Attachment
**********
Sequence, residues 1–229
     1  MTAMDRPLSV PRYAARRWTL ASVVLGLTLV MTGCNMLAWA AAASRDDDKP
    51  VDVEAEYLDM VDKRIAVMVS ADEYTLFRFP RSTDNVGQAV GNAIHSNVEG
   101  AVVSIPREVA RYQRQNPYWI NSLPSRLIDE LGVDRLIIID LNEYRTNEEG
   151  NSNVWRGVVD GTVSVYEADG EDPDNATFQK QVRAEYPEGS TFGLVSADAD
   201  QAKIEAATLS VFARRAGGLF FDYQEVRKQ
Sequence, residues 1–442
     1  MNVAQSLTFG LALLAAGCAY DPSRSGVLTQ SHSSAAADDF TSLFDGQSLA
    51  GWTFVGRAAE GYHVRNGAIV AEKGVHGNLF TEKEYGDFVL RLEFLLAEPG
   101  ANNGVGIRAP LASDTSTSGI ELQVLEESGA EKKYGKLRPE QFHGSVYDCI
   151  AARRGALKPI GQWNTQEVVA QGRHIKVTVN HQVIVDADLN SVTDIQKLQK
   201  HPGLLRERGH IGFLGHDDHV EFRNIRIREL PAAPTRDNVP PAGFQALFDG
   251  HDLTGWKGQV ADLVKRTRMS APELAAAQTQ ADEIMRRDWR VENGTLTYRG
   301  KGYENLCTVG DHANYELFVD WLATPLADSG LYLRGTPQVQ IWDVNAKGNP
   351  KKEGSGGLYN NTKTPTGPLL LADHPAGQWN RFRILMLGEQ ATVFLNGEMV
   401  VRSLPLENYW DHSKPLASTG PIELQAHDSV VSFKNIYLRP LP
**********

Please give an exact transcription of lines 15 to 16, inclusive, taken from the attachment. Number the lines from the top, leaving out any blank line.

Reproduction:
   351  KKEGSGGLYN NTKTPTGPLL LADHPAGQWN RFRILMLGEQ ATVFLNGEMV
   401  VRSLPLENYW DHSKPLASTG PIELQAHDSV VSFKNIYLRP LP